Kirschners skills as a Deputy Medical Examiner from 1978 to 1986, and as Deputy Chief of the Cook County Medical Examiners Office from 1987 to 1995, quickly made him an authority on non-accidental injuries and deaths, not something, he often said, that you can learn from books. He testified as an expert witness for plaintiffs and defendants in more than 600 criminal cases and civil lawsuits in 15 states, as well as federal, military and international courts.
In 1985, Kirschner was recruited to join a team pulled together by the American Association for the Advancement of Science to investigate skeletal remains found after the disappearance of more than 20,000 people during the previous military regime in Argentina. Kirschner and his colleagues collected evidence of widespread murder and torture, identified many of the bodies and trained Argentine students in forensic science. Their evidence helped convict nine former Junta members of human rights violations.
The trip also left Kirschner hooked on human rights work, and he began to volunteer for Physicians for Human Rights. From 1985 to 2000, he was involved in 36 international human rights missions at the request of PHR, the Organization of American States, the United Nations or the AAAS.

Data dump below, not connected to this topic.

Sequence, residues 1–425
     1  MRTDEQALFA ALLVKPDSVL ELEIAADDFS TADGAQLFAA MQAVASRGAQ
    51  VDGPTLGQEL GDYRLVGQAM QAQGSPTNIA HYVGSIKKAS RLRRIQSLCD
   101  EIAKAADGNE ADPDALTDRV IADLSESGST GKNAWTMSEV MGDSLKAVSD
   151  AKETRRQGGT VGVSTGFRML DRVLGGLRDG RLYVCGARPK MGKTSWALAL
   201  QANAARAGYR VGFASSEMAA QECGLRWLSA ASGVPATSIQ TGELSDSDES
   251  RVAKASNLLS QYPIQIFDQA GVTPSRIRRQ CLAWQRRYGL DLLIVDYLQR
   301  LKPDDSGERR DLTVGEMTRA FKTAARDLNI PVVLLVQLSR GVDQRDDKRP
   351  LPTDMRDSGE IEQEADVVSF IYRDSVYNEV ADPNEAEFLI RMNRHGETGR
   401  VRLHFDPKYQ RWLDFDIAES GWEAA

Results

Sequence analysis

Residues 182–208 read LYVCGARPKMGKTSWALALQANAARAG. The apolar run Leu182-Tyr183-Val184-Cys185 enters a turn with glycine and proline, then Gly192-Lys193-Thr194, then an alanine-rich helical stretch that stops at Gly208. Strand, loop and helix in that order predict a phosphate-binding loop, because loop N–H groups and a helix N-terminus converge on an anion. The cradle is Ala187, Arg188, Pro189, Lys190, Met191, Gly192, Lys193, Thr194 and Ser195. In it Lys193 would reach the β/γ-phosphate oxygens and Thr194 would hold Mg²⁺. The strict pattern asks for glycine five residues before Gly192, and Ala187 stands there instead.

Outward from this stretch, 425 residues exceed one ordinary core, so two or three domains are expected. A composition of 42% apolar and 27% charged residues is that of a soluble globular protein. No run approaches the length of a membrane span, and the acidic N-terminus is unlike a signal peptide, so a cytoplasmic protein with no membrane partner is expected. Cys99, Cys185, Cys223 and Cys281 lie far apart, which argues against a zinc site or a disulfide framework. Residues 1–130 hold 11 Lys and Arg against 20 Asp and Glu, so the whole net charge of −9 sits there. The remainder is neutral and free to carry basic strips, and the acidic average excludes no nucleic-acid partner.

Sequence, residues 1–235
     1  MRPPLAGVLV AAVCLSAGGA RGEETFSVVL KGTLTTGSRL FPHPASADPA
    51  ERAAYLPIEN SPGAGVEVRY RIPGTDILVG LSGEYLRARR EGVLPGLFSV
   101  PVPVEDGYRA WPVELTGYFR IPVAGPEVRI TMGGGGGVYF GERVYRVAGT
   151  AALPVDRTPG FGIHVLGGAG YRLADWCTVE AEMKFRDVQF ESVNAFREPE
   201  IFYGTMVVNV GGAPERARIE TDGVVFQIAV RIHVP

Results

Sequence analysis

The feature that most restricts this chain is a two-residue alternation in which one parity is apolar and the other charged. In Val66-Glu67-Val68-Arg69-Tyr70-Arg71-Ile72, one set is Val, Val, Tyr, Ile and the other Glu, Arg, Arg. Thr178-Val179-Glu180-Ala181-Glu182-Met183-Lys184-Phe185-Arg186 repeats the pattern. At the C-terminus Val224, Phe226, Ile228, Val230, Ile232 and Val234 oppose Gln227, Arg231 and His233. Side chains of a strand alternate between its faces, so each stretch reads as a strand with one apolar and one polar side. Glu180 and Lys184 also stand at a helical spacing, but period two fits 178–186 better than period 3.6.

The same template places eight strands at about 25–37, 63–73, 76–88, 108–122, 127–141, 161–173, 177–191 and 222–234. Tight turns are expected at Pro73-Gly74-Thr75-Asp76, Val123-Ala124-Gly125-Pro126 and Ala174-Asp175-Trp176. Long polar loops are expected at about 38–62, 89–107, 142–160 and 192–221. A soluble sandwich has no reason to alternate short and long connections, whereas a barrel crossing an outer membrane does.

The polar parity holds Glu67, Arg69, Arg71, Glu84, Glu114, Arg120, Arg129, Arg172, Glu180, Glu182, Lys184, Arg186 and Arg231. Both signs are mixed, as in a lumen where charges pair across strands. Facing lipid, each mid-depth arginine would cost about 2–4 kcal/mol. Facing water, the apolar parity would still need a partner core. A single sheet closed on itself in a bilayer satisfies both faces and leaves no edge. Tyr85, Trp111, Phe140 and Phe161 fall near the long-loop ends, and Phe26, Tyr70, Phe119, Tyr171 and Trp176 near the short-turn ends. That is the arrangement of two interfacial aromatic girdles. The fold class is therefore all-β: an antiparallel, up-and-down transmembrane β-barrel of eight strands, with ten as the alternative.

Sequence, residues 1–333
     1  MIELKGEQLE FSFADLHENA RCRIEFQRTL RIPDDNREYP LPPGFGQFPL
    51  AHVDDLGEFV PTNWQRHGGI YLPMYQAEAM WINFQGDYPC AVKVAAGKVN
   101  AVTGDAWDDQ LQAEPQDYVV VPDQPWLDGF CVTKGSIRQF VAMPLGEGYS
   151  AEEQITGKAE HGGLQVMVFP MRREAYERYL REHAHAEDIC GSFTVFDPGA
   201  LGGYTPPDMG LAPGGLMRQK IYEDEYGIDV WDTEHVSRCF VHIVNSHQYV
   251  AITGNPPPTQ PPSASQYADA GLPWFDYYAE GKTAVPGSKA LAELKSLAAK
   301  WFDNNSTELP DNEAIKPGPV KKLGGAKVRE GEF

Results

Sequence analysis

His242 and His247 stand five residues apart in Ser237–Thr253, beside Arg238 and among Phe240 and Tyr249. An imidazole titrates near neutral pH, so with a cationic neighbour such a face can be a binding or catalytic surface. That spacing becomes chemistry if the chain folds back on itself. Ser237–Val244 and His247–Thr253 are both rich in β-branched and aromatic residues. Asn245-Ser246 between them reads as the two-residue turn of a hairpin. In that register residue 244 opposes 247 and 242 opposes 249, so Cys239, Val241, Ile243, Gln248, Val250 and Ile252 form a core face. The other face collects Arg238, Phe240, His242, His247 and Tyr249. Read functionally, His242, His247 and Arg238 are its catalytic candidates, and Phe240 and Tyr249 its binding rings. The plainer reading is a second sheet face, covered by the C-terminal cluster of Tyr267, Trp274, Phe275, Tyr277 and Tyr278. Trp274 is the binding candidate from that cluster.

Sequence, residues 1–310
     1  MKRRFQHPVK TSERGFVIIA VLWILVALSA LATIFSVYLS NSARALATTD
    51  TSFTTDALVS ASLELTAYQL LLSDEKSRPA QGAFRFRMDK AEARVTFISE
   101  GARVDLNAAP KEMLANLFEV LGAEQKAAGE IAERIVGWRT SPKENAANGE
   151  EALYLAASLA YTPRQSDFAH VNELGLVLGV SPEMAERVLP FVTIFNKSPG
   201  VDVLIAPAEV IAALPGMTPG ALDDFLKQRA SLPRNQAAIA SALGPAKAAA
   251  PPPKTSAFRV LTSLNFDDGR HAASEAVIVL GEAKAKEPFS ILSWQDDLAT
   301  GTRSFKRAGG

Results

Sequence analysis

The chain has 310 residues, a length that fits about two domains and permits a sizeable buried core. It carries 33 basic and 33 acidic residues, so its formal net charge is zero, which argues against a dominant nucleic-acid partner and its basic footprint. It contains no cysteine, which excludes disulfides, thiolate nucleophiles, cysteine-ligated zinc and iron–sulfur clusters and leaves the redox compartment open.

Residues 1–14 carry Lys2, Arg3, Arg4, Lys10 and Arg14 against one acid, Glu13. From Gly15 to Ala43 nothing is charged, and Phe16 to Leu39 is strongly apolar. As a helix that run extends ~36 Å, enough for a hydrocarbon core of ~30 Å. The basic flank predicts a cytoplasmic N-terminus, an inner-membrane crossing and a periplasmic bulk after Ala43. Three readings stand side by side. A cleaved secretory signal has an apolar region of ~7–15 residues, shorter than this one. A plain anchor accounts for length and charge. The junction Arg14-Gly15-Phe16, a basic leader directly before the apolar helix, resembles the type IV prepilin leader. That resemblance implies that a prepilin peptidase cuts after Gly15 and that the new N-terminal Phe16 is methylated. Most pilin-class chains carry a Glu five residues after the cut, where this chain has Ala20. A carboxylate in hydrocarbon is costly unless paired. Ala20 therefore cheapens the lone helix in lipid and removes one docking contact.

It is hard to imagine how excruciatingly difficult this work could be, said PHRs Sirkin. It meant awfully long hours, in horrible conditions, often pervaded by the stench of mass graves. He had to be tough and detached yet passionate and devoted just to get through it.
Kirschner was widely recognized for these efforts. He served as chairman of the AAAS Committee on Scientific Freedom and Responsibility, was a member of the board of directors of PHR and established its international forensic program. He presented nearly 200 lectures around the world and received numerous honors for his efforts to support human rights in the United States and abroad.
He also was recognized for his work on the detection and prevention of child abuse. He was a founder of Cook Countys Child Death and Serious Injury Review team, a member of the advisory board of the National Center on Shaken Baby Syndrome and a member of the board of directors of the American Professional Society on the Abuse of Children. He also served on the editorial boards of three journals devoted to forensic medicine and child abuse.
Kirschner is survived by his father, Walter Kirschner, 91, of Philadelphia; his brother, Richard, 70, of Bethesda, Md.; his sister, Joanne Oppenheimer, 58, of Springfield, Mass.; his wife, Barbara Kirschner, Professor in Pediatrics and Medicine at Chicago; three children: Joshua, 33, of New York; Daniel, 30, of Chicago; and Benjamin, 26, of New York; and one grandchild, Alanna.
A memorial service at the University is planned for later this fall.
In lieu of flowers, donations should be sent to the Robert Kirschner Human Rights Fund, c/o Human Rights Program at the University, or to K.A.M. Isaiah Israel Congregation.